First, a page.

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Cancer research innovation advancing detection and treatments



Cancer research is continually developing, and the most recent innovations have the potential to revolutionise cancer detection and treatment.

The field has significantly advanced over the last two decades, but there’s always more that can be done.

Technological and pharmaceutical innovations impact research as much as clinical trials do.

“I feel that the more we can do, the more we can have on the back end to help translate to from the bench to the bedside,” Cure Brain Cancer Foundation CEO Lance Kawaguchi recently revealed.

“I’ve pretty much been on a mission the last two years to really try to support collaborations globally, and really try to invest as much as possible in early stage biotechs, but also on the newest innovations, like liquid biopsies, like some of the immunotherapies.”

Johns Hopkins Medical Oncologist Dr. Matthias Holdhoff has been researching in the industry, and has seen how things have quickly evolved in that time – as well as the “targeted therapy” approach required for cancer patients.

“For cancer, it’s not one size fits all,” he outlines. “We are pursuing individualised treatment for patients with cancer.

“We are now thinking more of a disease or pathway-based approach.”

One roadblock in the industry has been obtaining enough data and information to allow these technologies and therapies to be used daily.

“We need clinical trials. And one of the challenges here in the United States or worldwide is the very low percentage of individuals who have aggressive cancers, participating in clinical trials,” Neurosurgeon at Johns Hopkins Dr. Chetan Bettegowda says.

“While there are opportunities, I think we as the oncology community, need to do better with outreach, having these trials available locally and diffusely.

“So that we can allow these novel technologies to be tested rigorously and comprehensively and allow them to reach far more people than they do today.

I think huge initiatives need to be enhanced, in order to allow these technologies to go from just a concept, just an idea into a reality that helps human beings with cancer.”

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Accelerating cybersecurity skills in the workforce



The increasing demand for cybersecurity talent is ramping up to meet industry needs

The Australian cyber sector currently employs 26,500 people but increasing demand for talent means an estimated 30,000 jobs will need to be created by 2026 to meet industry needs. Globally, the cybersecurity industry projects a massive 3.5 million jobs will be unfulfilled by 2025.

Australia’s largest ASX listed cyber security company, Tesserent (ASX:TNT), is investing over $250,000 to develop cybersecurity talent from diverse backgrounds, age cohorts and genders to accelerate the future pipeline of talent in cybersecurity.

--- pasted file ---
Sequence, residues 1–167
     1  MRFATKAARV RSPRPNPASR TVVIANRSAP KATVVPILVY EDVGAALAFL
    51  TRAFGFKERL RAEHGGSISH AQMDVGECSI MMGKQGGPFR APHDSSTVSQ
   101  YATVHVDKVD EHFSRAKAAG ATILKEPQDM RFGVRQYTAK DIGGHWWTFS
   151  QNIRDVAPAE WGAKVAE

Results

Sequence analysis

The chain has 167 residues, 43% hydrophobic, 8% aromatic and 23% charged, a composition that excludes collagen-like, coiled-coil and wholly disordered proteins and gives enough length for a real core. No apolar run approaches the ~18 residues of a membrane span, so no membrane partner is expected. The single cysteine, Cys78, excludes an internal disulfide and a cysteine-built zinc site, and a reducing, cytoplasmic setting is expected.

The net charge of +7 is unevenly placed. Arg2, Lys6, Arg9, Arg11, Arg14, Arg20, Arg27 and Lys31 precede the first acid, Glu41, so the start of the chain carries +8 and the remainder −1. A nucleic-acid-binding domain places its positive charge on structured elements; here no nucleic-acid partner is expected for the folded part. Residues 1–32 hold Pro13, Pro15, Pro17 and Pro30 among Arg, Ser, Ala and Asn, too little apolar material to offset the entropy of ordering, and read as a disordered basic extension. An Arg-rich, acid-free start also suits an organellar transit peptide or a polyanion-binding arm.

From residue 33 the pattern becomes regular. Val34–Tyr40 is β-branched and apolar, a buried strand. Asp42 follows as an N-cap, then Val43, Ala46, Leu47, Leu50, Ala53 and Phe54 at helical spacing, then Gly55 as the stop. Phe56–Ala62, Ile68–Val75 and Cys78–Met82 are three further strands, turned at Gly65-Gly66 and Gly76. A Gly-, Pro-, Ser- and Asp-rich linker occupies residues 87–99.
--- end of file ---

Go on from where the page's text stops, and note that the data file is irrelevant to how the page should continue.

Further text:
Tesserent’s CEO Kurt Hansen joined us to discuss how the free ‘100 Day Challenge’ program will help accelerate 100 participants in cybersecurity skills.

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Our second brain



It has been described as the organ that heavily influences a person’s mood even more than the brain

It has been described as the organ that heavily influences a person’s mood even more than the brain – Your stomach.

Scientist have found that the gut behaves like a second brain to the body. So how does the brain impact your gut and mood?

Clayton Thomas, CEO & Founder of The ROOT Brands explains his thoughts as to how the brain can have an impact on your gut, which scientists call the “gut/brain axis connection”.

Harvard Medical School recently found that a person’s stomach or intestinal distress can be a cause of anxiety, stress or even depression. Other studies show people with mood disorders have a gut microbiome. Research has also shown that 50 percent of all dopamine and roughly 95 percent of all serotonin are produced in a person’s gut and both of these play a crucial role in a person’s mood.

The Green Edition is presented by The ROOT Brands – Inspiring Greatness with natural solutions for people to reach their highest and healthiest potential.

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The impacts of bad money mindsets



Bad money mindsets are leading people down a bad economic path, so how can you get your head in the financial game?

Money mindsets have the potential to lead people down a bad economic path, so how can you get your head in the financial game and break bad mindsets to turn it into a much more positive approach towards money?

CIA Tax’s Dr Steven Enticott describes a bad money mindset where someone’s always saying, “I’m really bad at money”, “I’m never going to be able to save money”.

However, this mindset can be changed with a few simple steps – to turn your attitude to turn your money habits around.

Money Matters is sponsored by CIA Tax.

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